Schlabach’s second observation regards the dual nature of a community’s rules and laws – that they exist for the good or sake of both the individual and the community:
  None of these accounts … suggest that laws aren’t needed.  Instead they affirm that laws serve both the good of individuals and the community.  The two must always be held together in a positive tension, whether we are talking about the distribution of goods in our society (such as the land, as in the story from Numbers) or about questions of personal morality including sexuality (as in Luke’s [14] account of the case of adultery).
  We must confess that we don’t do very well as a society or a church, in holding the individual and communal in balance.  Our society is highly individualistic and tends to place individual rights above all else… (Schlabach).
    In this, Schlabach indicates that she is speaking of the qualifier to the women’s inheritance.  The women’s case was heard and addressed by God and therefore the community but in granting an inheritance to the women, their clan or tribe faced the potential loss of that land to the tribes of their eventual husbands.  In order to protect against this, the Lord balanced out their individual needs and those of the tribe – the women could have their inheritance but they would be required to marry within their hereditary tribe to preserve the community’s interests as well.  In other words, the rights and needs of the individual were met yet mitigated by the need to preserve the common good or the community’s best self-interest.  In humility, the women seem to have acquiesced.
    So Schlabach’s sermon identifies two challenges – the first being to be “vigilant for people or groups within our society [i.e. individuals] who are not served by our current laws or traditional practices.”  Schlabach’s second challenge is community focused – “to stay engaged in processes of discernment with all levels of our church as we seek to build more just communities.”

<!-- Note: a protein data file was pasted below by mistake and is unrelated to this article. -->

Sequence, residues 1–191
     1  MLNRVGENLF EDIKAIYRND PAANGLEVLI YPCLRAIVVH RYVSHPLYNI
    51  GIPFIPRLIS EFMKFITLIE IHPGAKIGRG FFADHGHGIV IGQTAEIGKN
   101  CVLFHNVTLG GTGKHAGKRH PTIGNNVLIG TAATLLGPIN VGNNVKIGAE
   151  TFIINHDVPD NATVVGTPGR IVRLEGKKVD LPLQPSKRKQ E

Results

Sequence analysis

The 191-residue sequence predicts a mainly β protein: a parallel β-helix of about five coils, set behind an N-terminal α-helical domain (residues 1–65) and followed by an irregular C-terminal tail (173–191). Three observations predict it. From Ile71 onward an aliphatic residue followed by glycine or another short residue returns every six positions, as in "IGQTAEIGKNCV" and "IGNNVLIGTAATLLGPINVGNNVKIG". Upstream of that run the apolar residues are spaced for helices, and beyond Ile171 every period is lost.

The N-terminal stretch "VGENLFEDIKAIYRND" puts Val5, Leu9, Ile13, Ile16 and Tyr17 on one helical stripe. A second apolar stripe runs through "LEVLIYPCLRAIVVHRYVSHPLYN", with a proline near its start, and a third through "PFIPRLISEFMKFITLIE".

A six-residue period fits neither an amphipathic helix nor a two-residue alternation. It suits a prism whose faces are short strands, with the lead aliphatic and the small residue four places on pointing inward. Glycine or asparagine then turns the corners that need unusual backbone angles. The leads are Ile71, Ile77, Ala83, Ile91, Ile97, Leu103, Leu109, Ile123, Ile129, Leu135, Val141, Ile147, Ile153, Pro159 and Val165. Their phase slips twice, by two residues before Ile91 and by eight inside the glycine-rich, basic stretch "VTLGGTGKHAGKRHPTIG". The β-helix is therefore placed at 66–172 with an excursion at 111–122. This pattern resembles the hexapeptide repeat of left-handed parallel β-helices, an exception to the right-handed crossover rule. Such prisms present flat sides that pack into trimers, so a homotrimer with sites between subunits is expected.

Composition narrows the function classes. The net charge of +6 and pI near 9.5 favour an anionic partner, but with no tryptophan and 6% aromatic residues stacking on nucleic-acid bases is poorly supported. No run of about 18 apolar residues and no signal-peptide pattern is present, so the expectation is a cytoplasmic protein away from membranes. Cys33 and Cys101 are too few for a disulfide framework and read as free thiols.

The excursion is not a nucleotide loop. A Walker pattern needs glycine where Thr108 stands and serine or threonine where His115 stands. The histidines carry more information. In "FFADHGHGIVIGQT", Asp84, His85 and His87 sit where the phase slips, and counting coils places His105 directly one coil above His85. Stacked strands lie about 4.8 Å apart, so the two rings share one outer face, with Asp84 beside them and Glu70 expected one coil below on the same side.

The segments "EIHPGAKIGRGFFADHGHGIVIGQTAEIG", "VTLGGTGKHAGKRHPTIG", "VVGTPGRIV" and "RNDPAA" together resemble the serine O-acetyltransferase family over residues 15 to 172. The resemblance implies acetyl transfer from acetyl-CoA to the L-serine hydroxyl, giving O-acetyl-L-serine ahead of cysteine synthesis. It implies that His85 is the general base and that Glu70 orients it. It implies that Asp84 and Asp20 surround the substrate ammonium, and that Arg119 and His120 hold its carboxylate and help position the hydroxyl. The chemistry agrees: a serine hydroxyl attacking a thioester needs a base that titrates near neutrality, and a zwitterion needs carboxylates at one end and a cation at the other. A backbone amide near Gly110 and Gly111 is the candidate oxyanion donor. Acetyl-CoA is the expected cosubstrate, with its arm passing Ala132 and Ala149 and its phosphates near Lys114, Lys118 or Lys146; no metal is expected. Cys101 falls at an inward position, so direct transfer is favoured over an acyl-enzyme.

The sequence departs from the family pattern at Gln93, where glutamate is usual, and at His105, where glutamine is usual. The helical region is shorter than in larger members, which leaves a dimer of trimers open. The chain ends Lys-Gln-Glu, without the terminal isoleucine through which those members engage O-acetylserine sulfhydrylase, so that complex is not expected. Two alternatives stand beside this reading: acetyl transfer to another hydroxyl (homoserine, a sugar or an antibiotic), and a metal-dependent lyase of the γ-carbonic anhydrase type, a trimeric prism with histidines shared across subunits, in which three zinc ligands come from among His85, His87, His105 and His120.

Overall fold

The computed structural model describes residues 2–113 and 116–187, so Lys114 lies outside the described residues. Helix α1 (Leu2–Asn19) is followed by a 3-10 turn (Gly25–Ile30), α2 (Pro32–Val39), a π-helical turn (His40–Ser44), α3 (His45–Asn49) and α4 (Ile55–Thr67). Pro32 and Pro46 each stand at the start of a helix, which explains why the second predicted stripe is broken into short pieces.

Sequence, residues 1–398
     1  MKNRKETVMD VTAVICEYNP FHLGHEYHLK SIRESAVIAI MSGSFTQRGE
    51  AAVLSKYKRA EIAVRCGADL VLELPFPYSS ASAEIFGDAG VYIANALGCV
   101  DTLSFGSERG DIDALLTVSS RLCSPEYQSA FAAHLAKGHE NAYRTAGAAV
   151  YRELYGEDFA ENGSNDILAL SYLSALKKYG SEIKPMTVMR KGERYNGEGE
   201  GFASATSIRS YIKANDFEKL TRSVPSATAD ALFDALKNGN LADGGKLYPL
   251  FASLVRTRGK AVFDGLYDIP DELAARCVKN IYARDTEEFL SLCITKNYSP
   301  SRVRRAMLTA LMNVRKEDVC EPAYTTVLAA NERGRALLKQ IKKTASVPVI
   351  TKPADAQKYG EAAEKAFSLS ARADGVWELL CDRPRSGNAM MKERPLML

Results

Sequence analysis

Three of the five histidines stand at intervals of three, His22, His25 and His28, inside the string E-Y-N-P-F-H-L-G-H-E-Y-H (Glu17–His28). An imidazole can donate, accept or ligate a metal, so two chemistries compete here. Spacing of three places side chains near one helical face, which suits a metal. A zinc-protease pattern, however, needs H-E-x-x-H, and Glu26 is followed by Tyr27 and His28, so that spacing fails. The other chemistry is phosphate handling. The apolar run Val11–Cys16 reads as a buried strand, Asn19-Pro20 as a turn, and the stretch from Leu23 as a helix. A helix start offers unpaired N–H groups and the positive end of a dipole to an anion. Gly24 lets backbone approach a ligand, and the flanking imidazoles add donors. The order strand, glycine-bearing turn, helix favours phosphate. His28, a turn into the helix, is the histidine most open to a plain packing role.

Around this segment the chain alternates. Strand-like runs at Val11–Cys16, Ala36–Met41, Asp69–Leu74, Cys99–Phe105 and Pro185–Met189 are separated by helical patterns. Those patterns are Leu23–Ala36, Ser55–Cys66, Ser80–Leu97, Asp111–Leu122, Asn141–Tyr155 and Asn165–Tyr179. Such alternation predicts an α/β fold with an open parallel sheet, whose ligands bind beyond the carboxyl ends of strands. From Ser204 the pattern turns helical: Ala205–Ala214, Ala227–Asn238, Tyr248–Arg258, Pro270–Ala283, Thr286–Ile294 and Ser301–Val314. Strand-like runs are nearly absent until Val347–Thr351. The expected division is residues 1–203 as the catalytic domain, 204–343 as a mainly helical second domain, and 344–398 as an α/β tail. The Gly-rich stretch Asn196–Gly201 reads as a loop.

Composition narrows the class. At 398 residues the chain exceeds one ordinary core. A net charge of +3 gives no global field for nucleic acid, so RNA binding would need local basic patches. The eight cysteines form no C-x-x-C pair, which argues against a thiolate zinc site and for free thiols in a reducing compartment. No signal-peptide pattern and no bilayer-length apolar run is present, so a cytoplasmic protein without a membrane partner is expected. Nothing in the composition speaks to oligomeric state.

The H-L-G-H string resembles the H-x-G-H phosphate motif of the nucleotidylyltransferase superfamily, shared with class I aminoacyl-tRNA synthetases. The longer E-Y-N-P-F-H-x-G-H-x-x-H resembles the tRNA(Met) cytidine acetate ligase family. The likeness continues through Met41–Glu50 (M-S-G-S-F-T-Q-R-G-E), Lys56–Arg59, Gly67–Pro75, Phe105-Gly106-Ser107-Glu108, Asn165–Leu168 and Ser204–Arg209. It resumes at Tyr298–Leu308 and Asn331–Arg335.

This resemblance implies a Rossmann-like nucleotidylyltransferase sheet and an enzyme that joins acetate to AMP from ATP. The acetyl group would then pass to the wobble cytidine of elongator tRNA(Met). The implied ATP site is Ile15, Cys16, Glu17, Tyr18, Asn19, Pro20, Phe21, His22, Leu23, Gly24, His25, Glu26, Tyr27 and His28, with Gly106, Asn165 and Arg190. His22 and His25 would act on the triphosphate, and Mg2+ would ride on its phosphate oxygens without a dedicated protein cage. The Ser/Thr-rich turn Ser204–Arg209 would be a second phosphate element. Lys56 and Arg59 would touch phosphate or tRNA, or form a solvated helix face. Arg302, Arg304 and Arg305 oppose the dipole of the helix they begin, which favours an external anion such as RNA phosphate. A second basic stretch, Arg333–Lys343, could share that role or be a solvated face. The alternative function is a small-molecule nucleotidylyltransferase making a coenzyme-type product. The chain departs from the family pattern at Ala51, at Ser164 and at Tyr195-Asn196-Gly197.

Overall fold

Quite usefully, Schlabach identifies the structure of this communal consensual spiritual governance:
In this process of discernment we need everyone:
·         we need the audacious daughters of Z who raise their voices to point out an injustice;
·         we need leaders who will listen, pray, and create avenues for authentic conversation and discernment, and
·         we need diverse members:  some to help us recall our history and others to help us thoughtfully anticipate the ways that the community will be affected by modifications to current laws and customs.  We cannot know all the unintended consequences of change, some of which might raise the need for further modifications.
    Again, returning to the Pietist aspect of Mennonite consensual governance, Schlabach continues to include the highest participation, “… we trust this is the work of God.  This is the work we are called to do, now and in this place.  As we seek the guidance of the Holy Spirit, we believe we will be led into truth.”  God is the ultimate source of truth, law and custom and God is part of the process, responding to our inquiries and prayers for guidance and direction.  God has ordained the consensus-building process of the Church and yet faithfully responds to all “appeals.”  Traditional ethnic Mennonites (and evangelical Mennonites) would seem to sincerely and faithfully pursue that ordained ethnic and church understanding.
    That being said, Schlabach found that “Moses found their case compelling and agreed to consult God.  And God’s response was positive:  yes, give these women an inheritance!”